Warning: include(domaintitles/domaintitle_wiki.exoticindiaart.php3): failed to open stream: No such file or directory in /home/exotic/newexotic/header.php3 on line 921

Warning: include(): Failed opening 'domaintitles/domaintitle_wiki.exoticindiaart.php3' for inclusion (include_path='.:/usr/lib/php:/usr/local/lib/php') in /home/exotic/newexotic/header.php3 on line 921

Subscribe for Newsletters and Discounts
Be the first to receive our thoughtfully written
religious articles and product discounts.
Your interests (Optional)
This will help us make recommendations and send discounts and sale information at times.
By registering, you may receive account related information, our email newsletters and product updates, no more than twice a month. Please read our Privacy Policy for details.
.
By subscribing, you will receive our email newsletters and product updates, no more than twice a month. All emails will be sent by Exotic India using the email address info@exoticindia.com.

Please read our Privacy Policy for details.
|6
Sign In  |  Sign up
Your Cart (0)
Best Deals
Share our website with your friends.
Email this page to a friend
Books > History > Netaji-The Man (Reminiscences)
Subscribe to our newsletter and discounts
Netaji-The Man (Reminiscences)
Netaji-The Man (Reminiscences)
Description
About The Book

Dilip Kumar Roy, who achieved fame throughout India and abroad as a singer, comes from one of the most aristocratic and artistic families of Bengal, where he has long been regarded as one of the foremost cultural leaders of the artistic renaissance in India. He started his career as a singer and composer. Mahatma Gandhi once said of him: “I may make bold to claim that very few persons in India or rather in the world — have a voice like his, so rich and sweet and intense”. But his grande passion has always been his deep thirst for the spiritual life.

A friend of Mahatma Gandhi, Rabindranath Tagore, Romain Rolland and Bertrand Russell, and a disciple of Sri Aurobindo, he made his mark as a writer in English and Bengali. He wrote about one hundred and twenty-five books in Bengali and about twenty-five books in English.

Dilip Kumar Roy and Netaji were close friends from their college days and were together in Cambridge. Later, though their fields of activity diverged more and more, they remained in close touch, and the spiritual bond between them only grew in strength. It was an intimately personal relationship unsoiled by worldliness. Netaji wrote to him from Mandalay Jail: “Dilip, your letter has touched such a tender chord in my heart.... that it is not easy for me to give an adequate reply by way of reciprocation.... But I know you will continue to feel for me. This is a great solace to me — no matter where I happen to be confined.” In this book Shri Roy has confined himself to reminiscing about Netaji, the man, as he knew him.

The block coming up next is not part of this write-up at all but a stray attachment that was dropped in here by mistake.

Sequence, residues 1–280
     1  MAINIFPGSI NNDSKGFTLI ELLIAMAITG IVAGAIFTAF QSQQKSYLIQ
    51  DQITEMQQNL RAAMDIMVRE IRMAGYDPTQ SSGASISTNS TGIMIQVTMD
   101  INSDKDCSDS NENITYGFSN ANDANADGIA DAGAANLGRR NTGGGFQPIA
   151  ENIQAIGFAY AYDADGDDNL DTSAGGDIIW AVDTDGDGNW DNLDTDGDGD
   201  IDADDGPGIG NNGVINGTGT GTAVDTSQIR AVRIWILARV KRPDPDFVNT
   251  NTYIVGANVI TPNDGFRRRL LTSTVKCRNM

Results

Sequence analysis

Preface

My reminiscences on Netaji first saw the light of day at the end of the year 1946. Nearly two decades have glided by since then and, naturally, I have had to modify some of my views and comments on him in the light of subsequent events some of which have been not only spectacular but revealing to boot. But this is not important. What is important is that during all this time his stature has continually increased till it tends today to become almost legendary, so much so that one is forcefully reminded of a pregnant line of Rabindranath in his immortal poem on Shahjahan: Tomar kirtir cheye tumi je mahat, which means: “You are greater than your achievements.” Or, shall I say, Netaji’s great life, deepening into a beacon, as it were, reminds one of the poet Browning’s emphasis on aspiration as against achievement:

I stress this as it is from this view-point that I have attempted my appraisement of Netaji’s personality all through our close friendship in the course of which we have both passed through deserts of pain and aridity as well as magic gardens of joy and rich fulfillment, albeit in worlds of different ideals and dreams.

Some may hold that I have divagated now and then, bringing in Yoga and mystic-seeking, Pandit Jawaharlal and Sri Aurobindo. But I do hope that discerning readers will agree that it was all germane to my theme in that I had not only to create a background but also to bring into bold relief how and where exactly Netaji’s philosophy differed from my own. I have essayed this, however, not merely to limn him as I have seen him, but to stress as well the greatness of his tolerance and the genuineness of his mystic outlook on life. In fact, the more closely I came to know him, the more convinced I became that it was because he was an authentic mystic at heart, that he could worship with every fiber of his passionate being the divine essence and aura of Mother India. That is why he so often loved to recite a poem Dwijendralal (a poet he adored) wrote in 1886 in Aryagatha:

I need hardly explain why I thought fit to add the Appendices which will speak for themselves.

I have tried to delete as many repetitions as possible in the Appendices except in one or two places fro reasons which, I feel, are too obvious to need an apology.